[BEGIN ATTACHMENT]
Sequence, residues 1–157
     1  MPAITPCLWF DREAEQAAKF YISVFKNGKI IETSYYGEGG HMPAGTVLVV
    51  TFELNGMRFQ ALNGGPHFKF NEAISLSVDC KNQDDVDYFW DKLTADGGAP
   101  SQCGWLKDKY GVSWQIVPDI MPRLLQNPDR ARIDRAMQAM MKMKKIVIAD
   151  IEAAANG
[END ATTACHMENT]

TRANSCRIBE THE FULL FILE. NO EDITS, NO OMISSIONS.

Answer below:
Sequence, residues 1–157
     1  MPAITPCLWF DREAEQAAKF YISVFKNGKI IETSYYGEGG HMPAGTVLVV
    51  TFELNGMRFQ ALNGGPHFKF NEAISLSVDC KNQDDVDYFW DKLTADGGAP
   101  SQCGWLKDKY GVSWQIVPDI MPRLLQNPDR ARIDRAMQAM MKMKKIVIAD
   151  IEAAANG